Softwoods contain mostly free flow water found in the outer sapwood, allowing for much faster than hardwoods. It takes longer to completely dry the inside of the wood compared to the outside because the outside is the first part of the tree exposed to the heat (source).

Air-Drying Cedar

Greenwood is high in moisture content, making it soft and flexible. It is excellent to use on a lathe so long as you take into account the likelihood of it warping or cracking as it air dries (source). However, when the wood is green (freshly cut), it should not be used for building.

Even at a moisture content of 25 percent, there is a high probability of the greenwood warping or cracking as it dries, which will negatively affect whatever you choose to build, whether it’s furniture or a deck. 

There are various species of cedarwood available. Western Red Cedar, Inland Red Cedar, Eastern Red Cedar, Yellow Cedar, Port Orford Cedar, and Tennessee Red Cedar are commons examples. 

No matter the species you choose, it could take anywhere from 6 months to 1 year to air-dry a log that is 18 inches in diameter. A freshly cut 2×6 cedar board may dry in as little as 90 days.

Air-drying is a much slower process than kiln drying wood, but it is cheaper, especially for the home woodworker.

Kiln-Drying Cedar 

Kiln-dried wood is best for construction. It produces a consistently stable and robust product for building and will have little to no warpage. However, if smaller projects are what you enjoy working on, air-drying is best because air-dried wood is not as hard on woodworking tools as kiln-dried.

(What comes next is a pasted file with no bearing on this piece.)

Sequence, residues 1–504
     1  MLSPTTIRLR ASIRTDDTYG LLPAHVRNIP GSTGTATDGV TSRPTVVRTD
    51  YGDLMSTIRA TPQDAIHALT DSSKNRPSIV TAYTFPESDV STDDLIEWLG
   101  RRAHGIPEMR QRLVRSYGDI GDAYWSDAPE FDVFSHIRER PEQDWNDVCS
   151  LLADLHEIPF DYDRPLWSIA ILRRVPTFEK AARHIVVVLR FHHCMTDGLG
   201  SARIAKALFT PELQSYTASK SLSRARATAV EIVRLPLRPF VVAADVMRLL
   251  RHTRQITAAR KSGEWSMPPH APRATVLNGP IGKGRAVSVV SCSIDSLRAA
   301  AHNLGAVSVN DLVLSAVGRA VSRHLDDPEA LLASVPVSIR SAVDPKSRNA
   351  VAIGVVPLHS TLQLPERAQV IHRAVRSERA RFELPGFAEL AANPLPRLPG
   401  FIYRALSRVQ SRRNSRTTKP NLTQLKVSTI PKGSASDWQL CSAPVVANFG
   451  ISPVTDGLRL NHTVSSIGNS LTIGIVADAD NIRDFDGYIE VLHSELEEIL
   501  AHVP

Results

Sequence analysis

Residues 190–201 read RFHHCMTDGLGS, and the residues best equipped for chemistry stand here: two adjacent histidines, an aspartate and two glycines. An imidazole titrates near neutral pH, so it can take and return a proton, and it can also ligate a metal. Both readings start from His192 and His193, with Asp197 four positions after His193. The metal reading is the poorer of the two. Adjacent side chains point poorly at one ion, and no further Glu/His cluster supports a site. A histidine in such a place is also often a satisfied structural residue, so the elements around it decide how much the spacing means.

Cedar, being a softwood, will kiln-dry faster than a hardwood such as oak. Cedar will dry in about four to ten days, whereas oak can take up to 25 days (source).

Image by Internet Archive Book Images via Flickr

Types of Wood Drying Kilns

Overall, kilns operate under the same premise. The kiln is a room or chamber used to balance and control the humidity, temperature, and airflow to dry the moisture out of the wood and bring it to acceptable moisture content.

Other types of kilns include electric, hot water, hot oil, solar, and hot air directly fired at the wood. The hot air kilns are generally only used for drying softwood because it is difficult to control humidity (source).